Nonwellfounded set theory

Nonwellfounded set theories are variants of axiomatic set theory which allow sets to contain themselves and otherwise violate the rule of wellfoundedness. In nonwellfounded set theories, the foundation axiom of ZFC is replaced by axioms implying its negation.
The theory of nonwellfounded sets has been applied in the logical modelling of nonterminating computational processes in computer science (process algebra and final semantics), linguistics and natural language semantics (situation theory), philosophy (work on the Liar Paradox), and in a different setting, nonstandard analysis.^{[1]}
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Details
 A set, x_{0}, is wellfounded iff it has no infinite descending membership sequence:
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In ZFC, there is no infinite descending ∈sequence by the axiom of regularity. In fact, the axiom of regularity is often called the foundation axiom since it can be proved within ZFC^{−} (that is, ZFC without the axiom of regularity) that wellfoundedness implies regularity. In variants of ZFC without the axiom of regularity, the possibility of nonwellfounded sets with setlike ∈chains arises. For example, a set A such that A ∈ A is nonwellfounded.
One early nonwellfounded set theory was Willard Van Orman Quine’s New Foundations. Another was introduced by Maurice Boffa,^{[citation needed]} with the idea of making foundation fail as badly as it can (or rather, as extensionality permits): Boffa's axiom implies that every extensional setlike relation is isomorphic to the elementhood predicate on a transitive class.
Another, more recent, approach to nonwellfounded set theory, pioneered by M. Forti and F. Honsell, borrows from computer science the concept of a bisimulation. Bisimilar sets are considered indistinguishable and thus equal, which leads to a strengthening of the axiom of extensionality. In this context, axioms contradicting the axiom of regularity are known as antifoundation axioms, and a set that is not necessarily wellfounded is called a hyperset.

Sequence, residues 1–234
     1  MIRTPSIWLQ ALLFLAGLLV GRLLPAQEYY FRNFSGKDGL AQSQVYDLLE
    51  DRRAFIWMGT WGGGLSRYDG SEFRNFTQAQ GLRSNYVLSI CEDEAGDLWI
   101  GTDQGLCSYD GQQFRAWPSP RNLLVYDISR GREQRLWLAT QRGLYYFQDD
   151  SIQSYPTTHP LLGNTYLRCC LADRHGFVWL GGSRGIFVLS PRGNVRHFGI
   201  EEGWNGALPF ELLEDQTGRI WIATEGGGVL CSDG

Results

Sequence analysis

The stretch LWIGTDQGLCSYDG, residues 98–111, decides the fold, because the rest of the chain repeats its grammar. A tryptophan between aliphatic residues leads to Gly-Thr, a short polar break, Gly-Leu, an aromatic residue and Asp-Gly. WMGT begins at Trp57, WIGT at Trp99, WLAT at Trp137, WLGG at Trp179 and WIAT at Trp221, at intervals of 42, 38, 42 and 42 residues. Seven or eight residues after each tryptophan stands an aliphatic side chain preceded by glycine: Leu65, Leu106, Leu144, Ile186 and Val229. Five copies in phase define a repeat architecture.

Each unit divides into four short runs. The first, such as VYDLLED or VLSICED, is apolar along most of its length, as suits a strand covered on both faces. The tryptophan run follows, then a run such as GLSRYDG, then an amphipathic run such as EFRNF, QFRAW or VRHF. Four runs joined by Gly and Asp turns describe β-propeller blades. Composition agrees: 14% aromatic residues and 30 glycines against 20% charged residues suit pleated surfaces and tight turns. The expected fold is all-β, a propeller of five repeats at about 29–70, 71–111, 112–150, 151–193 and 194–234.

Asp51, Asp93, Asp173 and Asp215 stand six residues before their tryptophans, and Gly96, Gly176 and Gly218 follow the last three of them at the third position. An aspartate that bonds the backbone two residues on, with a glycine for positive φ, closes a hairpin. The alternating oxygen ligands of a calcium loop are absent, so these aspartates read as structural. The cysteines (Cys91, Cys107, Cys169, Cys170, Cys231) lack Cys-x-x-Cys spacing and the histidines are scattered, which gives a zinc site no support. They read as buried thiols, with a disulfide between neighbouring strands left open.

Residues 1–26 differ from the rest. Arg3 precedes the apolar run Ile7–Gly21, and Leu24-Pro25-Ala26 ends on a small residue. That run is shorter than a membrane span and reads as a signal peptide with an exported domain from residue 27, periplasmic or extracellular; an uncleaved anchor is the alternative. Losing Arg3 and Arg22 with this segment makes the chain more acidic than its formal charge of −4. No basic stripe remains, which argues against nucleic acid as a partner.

Four nonequivalent antifoundation axioms are wellknown:
 AFA (‘AntiFoundation Axiom’) — due to M. Forti and F. Honsell (this is also known as Aczel's antifoundation axiom);
 SAFA (‘Scott’s AFA’) — due to Dana Scott,
 FAFA (‘Finsler’s AFA’) — due to Paul Finsler,
 BAFA ('Boffa's AFA') — due to Maurice Boffa.
The first of these, AFA, is based on accessible pointed graphs (apg) and states that two hypersets are equal if and only if they can be pictured by the same apg. Within this framework, it can be shown that the socalled Quine atom, formally defined by Q={Q}, exists and is unique.
Each following axiom extends the universe of the previous, so that: V ⊆ A ⊆ S ⊆ F ⊆ B. In the Boffa universe, the distinct Quine atoms form a proper class. ^{[2]}
It is worth emphasizing that hyperset theory is an extension of classical set theory rather than a replacement: the wellfounded sets within a hyperset domain conform to classical set theory.
Notes
References
 Aczel, Peter (1988), Nonwellfounded sets, CSLI Lecture Notes, 14, Stanford, CA: Stanford University, Center for the Study of Language and Information, pp. xx+137, ISBN 0937073229, MR0940014, http://standish.stanford.edu/pdf/00000056.pdf.
 Ballard, David; Hrbáček, Karel (1992), "Standard foundations for nonstandard analysis", Journal of Symbolic Logic 57 (2): 741–748, doi:10.2307/2275304, JSTOR 2275304.
 Hallett, Michael (1986), Cantorian set theory and limitation of size, Oxford University Press.
 Levy, Azriel (2002), Basic set theory, Dover Publications.
 Mirimanoff, D. (1917), "Les antinomies de Russell et de BuraliForti et le probleme fondamental de la theorie des ensembles", L'Enseignement Mathématique 19: 37–52, http://retro.seals.ch/digbib/view?rid=ensmat001:1917:19::9&id=hitlist.
 Nitta; Okada; Tzouvaras (2003), Classification of nonwellfounded sets and an application, http://users.auth.gr/~tzouvara/Texfiles.htm/nonwell.pdf
See also
External links
 Lawrence S. Moss (20080416), "Nonwellfounded Set Theory", Stanford Encyclopedia of Philosophy, http://plato.stanford.edu/entries/nonwellfoundedsettheory/
 Metamath page on the axiom of Regularity. Scroll to the bottom to see how few Metamath theorems invoke this axiom.
Categories: Systems of set theory
 Wellfoundedness
 Selfreference
 A set, x_{0}, is wellfounded iff it has no infinite descending membership sequence:
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